Link building, and broken link building in particular, is one of our favorite techniques for garnering search visibility for a client’s website. Through the years, we have perfected a method of broken link building that we’d like to share with you in the hopes that it brings you the same, if not more, success that it has brought us.
Broken link building is founded on the premise of doing something good for the world wide web, by fixing what is broken. This link building tactic has the highest average rate of return through outreach than any other form, and for good reason. You are actually doing the webmasters (and the web in general) a favor by locating broken content links and offering relevant fixes. Let’s explore the method in detail, shall we?
Know your competitors
You really can’t start anywhere else. If you haven’t already, hash out a list of at least 10 competitors that are doing well in terms of online visibility. We want these competitors to have lots of brand mentions and links pointing back to their site. If you can’t come up with 10, then fire up one of two sites on your trusty internet browser: SEMRush (paid) or Google (free).
With SEMRush, you can just enter in your root domain and they will give you a handy report on your top SERP competitors. SEMRush is not free, however, so if you’d rather go for the free option, just put some of your top “must rank for” search phrases in Google and look who shows up at the top (if you’re not there already!). Those sites are your competitors, even if you may not have heard of them or if you never thought of them in that way. They are your competitors because they rank for (and in some cases, better) the keywords that you want to rank for. Jot down at least 10 to get a good start.
Know your competitors’ (broken) pages
Now that you have your competitor list, it’s time to start running reports on them. What you’re looking for is the broken or 404’d pages on their domains. You can use either Majestic, AHREFS, or Screaming Frog to accomplish this. I prefer Majestic, but all are very good at accomplishing this.
In Majestic, enter the root domain of a competitor, like moz.com. Then, click the “Pages” tab and export it. While exporting, choose in the dropdown list “missing pages (404’s) only” option. There is a similar option in AHREFS as well. Now, pull up that export in Google Sheets or Excel, or your spreadsheet viewer of choice.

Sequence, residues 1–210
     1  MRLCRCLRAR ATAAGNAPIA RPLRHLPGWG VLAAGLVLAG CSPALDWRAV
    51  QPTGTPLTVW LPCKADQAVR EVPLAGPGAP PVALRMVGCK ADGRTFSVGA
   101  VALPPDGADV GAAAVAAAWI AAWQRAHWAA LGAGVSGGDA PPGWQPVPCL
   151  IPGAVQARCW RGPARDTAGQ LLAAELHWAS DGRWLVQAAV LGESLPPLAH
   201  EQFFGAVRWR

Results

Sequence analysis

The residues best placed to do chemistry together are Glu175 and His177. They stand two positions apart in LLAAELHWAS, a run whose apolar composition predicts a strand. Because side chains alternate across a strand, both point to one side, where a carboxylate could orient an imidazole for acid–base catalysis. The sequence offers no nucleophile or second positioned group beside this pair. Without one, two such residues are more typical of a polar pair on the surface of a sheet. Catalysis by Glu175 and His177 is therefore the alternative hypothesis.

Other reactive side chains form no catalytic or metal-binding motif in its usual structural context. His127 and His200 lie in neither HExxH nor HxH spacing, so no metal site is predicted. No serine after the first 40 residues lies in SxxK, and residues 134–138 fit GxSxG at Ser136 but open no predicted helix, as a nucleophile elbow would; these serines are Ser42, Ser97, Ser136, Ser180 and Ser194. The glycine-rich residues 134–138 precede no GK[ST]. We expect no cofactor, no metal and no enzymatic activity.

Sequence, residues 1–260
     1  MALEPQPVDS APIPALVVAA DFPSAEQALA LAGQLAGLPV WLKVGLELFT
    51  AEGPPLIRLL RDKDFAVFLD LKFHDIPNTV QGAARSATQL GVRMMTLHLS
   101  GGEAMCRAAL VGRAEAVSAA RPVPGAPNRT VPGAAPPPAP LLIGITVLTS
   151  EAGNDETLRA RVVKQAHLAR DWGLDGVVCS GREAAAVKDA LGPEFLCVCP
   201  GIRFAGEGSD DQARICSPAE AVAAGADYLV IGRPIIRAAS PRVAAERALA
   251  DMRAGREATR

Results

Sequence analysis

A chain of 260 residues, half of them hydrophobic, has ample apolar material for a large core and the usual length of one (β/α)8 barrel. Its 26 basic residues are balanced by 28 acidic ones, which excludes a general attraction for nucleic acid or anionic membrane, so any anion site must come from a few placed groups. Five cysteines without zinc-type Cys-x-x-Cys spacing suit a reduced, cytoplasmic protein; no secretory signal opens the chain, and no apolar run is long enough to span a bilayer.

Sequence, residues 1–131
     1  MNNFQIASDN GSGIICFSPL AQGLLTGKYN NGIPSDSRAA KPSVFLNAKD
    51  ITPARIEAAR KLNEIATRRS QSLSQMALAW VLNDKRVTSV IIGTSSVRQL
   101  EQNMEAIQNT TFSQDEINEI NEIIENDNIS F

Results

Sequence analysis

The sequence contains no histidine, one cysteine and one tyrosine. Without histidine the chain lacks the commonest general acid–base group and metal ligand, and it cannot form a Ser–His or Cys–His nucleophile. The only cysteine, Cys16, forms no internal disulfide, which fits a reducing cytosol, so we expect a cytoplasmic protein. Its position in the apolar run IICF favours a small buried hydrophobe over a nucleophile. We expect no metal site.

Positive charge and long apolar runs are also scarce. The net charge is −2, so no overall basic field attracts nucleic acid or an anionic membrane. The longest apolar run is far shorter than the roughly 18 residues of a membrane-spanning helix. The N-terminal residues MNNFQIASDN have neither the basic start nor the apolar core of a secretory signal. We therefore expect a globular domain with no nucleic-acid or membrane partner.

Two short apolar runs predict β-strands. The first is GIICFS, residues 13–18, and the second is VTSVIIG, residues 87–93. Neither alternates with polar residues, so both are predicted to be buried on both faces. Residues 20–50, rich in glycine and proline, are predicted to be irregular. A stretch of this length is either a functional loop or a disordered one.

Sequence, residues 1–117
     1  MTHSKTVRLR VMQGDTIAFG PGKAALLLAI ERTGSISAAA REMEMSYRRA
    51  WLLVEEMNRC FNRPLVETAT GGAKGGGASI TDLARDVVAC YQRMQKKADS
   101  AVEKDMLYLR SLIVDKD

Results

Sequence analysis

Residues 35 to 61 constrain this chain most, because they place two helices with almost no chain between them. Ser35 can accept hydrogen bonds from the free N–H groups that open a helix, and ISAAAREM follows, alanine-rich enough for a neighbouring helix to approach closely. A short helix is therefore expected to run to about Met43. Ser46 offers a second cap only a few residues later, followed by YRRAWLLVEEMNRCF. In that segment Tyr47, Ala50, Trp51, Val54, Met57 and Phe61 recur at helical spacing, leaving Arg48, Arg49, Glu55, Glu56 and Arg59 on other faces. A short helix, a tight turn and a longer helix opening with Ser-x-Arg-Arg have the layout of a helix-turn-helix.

Sort the list by number of referring domains from greatest to least. Now, you have your outreach list. Go through line by line and verify that yes, the page on their site is still down or is returning a 404 error. Doing this step will save you time and hassle later, trust us.
Ok, now that you have your list of broken pages that are verified to still be down, it’s time to actually run a backlink report on that specific page alone. You can go back to Majestic, Moz, or AHREFS for this and just paste the exact URL of your competitor’s broken page in there and run the report. This will return a (hopefully) huge list of sites from around the web that are linking to your competitor’s broken page/content. These sites need your help! No self respecting webmaster wants to keep content on their site that is linking to dead pages. Let’s help them.
Know the broken content
Ok, now that you have the broken pages and the list of sites that are linking to them, you must be able to offer a proper substitute to those broken links AND that substitute must be on your (or your client’s) domain. If we’re lucky, the broken page is a product page and we have the same or very similar product on our site. That’s not always the case. If it is a blog or other piece of content, we may have to recreate that content on our site.
To find what was on your competitor’s broken pages, simply Google the url and see if Google has a cached version that will show the content, or you can pop the url into the Wayback Machine (Archive.org) and see if it has been archived. If it got a lot of inbound links, then chances are good it has been. Now, once you can see what was there before, you can more successfully recreate the content. We also recommend creating better, more updated and robust content, which will help webmasters want to link to it when you outreach to them.
Know your inbox
Now that you’ve created the content and it’s live on your site, start down the list of sites who are still linking to your competitor’s dead content and send them an email or direct message via social media. The email itself is easy as XYZ! Let them know that X article on their site contains a broken link to Y piece of content, and you have Z alternative. Then thank them for their time and go on down to the next site in your list.
Many times, webmasters or authors won’t get back to you, they will simply just make the change, so be certain to check back a week or two later and see if the new link is live. Otherwise, just follow up with them about once a week for a few weeks until they get back to you. Trust us, this has a very high rate of success! Before you know it, you can be securing all sorts of high value and relevant links to your site! The best part is that every one of those links once was pointing to your competitor, so it’s almost like a two for one.
We hope that you enjoyed this brief tutorial. May the inbox gods shine on you and bring you many happy responses!
Update for September 2018. We got an organic outreach from an SEO writer over at Medium.com named Erika Rykun. She found this article and asked for a link back to her article published on Medium that is a good supplement to this article. Please check out her article here and enjoy the read. The article is full of a lot of great information that will help make your link building journey more successful. See, link building works, ladies and gents!